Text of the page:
Help Syrians with injuries and disabilities
When Noor, Handicap International’s physical therapist in Jordan, appears outside the camp’s caravans, a little girl with a big smile hurriedly hops up to her. Shua’a and her mother waste no time inviting Noor into their home and are both delighted to see her again. Handicap International’s teams have been taking care of Shua’a since the family arrived in Azraq refugee camp.
Turkyia, Shua’a’s mother, explains that her daughter is looking forward to going back to school. “She hasn’t been for over a year now,” she explains. “Her prosthesis will help her walk and learn again. It’s all she thinks about.”
At the beginning of last year, the Islamic State group seized control of the city where Shua’a and her family were living in Syria. “We immediately fled to the mountains,” says Turkyia. “We stayed there for a month, but the living conditions were really hard so we decided to head back to the city. One day a few helicopters flew over the place where we were taking refuge. We ran through the fields and sheltered under a tree, thinking the bombs would hit houses. But then, barrel bombs started falling on us. My 12-year-old daughter, Shua’a’s big sister, died instantly. My uncle, who was with us, died too. And Shua’a and I were seriously injured.”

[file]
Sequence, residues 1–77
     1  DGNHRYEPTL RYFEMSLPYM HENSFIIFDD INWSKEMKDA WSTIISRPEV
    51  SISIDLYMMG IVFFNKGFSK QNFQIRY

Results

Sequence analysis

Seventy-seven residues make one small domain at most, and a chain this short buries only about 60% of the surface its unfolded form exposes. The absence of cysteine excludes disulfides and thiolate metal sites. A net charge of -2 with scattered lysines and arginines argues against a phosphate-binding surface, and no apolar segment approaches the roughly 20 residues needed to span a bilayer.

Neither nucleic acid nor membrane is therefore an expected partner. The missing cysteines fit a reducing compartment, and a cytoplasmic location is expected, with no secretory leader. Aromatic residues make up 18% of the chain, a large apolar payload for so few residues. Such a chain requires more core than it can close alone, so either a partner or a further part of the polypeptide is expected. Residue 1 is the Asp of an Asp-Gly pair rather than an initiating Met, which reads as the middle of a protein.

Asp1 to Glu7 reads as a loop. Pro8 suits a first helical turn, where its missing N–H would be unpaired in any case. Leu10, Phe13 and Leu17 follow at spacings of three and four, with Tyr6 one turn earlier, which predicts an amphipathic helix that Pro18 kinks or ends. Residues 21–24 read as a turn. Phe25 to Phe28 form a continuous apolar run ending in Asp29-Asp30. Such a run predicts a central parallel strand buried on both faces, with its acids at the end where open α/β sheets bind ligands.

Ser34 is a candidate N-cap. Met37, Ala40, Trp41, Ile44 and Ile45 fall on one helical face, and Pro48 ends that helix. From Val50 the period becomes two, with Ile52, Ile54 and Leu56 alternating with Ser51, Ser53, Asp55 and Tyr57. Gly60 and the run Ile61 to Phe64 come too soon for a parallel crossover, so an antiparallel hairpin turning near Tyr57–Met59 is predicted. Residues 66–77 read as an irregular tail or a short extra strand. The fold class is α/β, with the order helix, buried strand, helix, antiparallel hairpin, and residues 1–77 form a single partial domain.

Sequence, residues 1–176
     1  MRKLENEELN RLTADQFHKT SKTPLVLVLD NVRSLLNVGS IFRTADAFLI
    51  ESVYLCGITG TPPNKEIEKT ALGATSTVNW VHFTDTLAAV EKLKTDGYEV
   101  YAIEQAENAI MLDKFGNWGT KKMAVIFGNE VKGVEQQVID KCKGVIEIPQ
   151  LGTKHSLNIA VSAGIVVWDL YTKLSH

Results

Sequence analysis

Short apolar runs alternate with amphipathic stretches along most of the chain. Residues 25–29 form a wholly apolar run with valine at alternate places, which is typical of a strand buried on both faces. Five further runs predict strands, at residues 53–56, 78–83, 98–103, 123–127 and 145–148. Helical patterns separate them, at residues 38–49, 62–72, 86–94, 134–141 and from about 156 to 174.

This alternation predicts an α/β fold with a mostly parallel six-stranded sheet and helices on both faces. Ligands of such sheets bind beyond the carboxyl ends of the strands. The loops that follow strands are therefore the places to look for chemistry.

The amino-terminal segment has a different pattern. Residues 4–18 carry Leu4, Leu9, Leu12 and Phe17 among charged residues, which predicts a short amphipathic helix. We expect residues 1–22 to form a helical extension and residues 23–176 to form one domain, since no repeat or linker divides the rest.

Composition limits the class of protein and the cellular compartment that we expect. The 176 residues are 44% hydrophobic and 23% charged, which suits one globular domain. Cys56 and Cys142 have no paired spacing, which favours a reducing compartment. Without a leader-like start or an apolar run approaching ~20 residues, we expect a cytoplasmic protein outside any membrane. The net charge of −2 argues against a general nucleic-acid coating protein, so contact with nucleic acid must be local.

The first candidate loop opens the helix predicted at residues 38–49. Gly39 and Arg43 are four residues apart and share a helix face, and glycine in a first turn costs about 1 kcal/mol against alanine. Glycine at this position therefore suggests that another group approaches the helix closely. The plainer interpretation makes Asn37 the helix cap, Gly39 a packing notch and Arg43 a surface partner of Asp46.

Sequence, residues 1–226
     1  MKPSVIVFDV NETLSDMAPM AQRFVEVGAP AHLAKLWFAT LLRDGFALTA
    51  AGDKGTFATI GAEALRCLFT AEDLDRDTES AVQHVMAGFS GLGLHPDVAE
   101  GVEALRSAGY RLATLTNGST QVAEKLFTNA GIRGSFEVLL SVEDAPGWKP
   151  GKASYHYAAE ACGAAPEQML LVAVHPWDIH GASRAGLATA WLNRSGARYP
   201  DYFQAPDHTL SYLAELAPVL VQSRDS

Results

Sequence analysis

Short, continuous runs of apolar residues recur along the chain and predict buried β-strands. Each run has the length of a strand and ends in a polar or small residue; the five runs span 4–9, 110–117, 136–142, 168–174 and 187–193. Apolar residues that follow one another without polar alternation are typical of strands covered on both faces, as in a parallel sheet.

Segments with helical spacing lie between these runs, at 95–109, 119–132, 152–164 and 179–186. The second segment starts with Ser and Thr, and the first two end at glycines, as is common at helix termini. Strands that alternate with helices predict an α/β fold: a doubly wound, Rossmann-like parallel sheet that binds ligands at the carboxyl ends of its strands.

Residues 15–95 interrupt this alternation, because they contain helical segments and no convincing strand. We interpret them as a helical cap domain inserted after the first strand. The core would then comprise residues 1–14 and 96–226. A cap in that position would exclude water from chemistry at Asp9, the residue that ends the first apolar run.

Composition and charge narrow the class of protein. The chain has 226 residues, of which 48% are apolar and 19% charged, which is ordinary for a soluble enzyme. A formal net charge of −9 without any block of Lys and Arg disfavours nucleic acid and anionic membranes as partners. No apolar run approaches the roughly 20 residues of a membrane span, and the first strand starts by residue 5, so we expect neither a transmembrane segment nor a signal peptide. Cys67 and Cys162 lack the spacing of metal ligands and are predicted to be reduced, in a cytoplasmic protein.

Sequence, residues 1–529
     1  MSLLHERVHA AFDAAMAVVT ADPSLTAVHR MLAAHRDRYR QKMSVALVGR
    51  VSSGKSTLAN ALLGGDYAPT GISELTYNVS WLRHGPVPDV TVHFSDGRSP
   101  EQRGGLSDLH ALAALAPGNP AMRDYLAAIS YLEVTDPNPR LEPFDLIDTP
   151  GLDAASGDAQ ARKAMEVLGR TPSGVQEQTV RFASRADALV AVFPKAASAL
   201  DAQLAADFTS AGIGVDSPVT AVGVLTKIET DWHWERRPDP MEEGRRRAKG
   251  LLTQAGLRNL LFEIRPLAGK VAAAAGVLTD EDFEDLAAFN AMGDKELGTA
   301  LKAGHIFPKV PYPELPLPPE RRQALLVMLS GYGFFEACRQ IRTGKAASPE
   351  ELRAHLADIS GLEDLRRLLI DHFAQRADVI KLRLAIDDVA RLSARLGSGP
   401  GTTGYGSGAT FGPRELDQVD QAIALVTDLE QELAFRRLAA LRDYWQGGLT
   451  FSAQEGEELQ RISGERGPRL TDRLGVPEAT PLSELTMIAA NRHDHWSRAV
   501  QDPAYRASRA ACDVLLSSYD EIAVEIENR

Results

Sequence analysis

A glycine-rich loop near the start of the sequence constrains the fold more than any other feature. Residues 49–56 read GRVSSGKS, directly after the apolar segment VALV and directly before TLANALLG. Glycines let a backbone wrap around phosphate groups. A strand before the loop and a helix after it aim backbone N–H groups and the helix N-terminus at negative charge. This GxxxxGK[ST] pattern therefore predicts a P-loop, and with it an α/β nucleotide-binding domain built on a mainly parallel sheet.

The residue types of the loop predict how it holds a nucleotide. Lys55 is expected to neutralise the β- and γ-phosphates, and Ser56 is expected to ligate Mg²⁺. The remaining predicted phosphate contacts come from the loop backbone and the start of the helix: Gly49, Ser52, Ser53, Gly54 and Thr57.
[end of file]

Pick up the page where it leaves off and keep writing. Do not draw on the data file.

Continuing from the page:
Turkyia continues her story as she affectionately caresses her daughter’s hair. “Some local people took us to the hospital. That’s where Shua’a had her foot amputated and they treated me. But a few weeks after the attack, I noticed that my daughter’s injury wasn’t healing well. My husband and I decided to flee to Jordan, where she could get better care,” she adds.
According to Noor: “When she first arrived in the camp we couldn’t fit Shua’a with an artificial foot. We need to wait until her wound heals properly. Today, we are working on improving her balance and strength.”
Noor takes Shua’a by the hand and begins a series of exercises. She teaches her to position her legs correctly before kicking a ball toward her and initiating a small soccer session. She also shows Shua’a how to walk over different terrain. She wants her to be able to adapt to any new environment she comes across.
Noor also encourages Sana and Abdallah, her sister and brother, to take part in the session. The three children have a great time doing the exercises together. “Shua’a has made a lot of progress since we met her,” says Noor. “We recently took her measurements and she is going to be fitted with her first prosthesis within a few weeks.”
Soon Shua’a will soon be able to walk over long distances and to go to school, which makes her very happy. As the session comes to an end, Shua’a tells Noor: “I’d like to be a teacher when I grow up.”
Since early 2013, Handicap International has deployed rehabilitation teams and partners in Syria, where they've provided more than 25,000 physical therapy sessions to people with injuries and disabilities. Learn more about our work in Syria.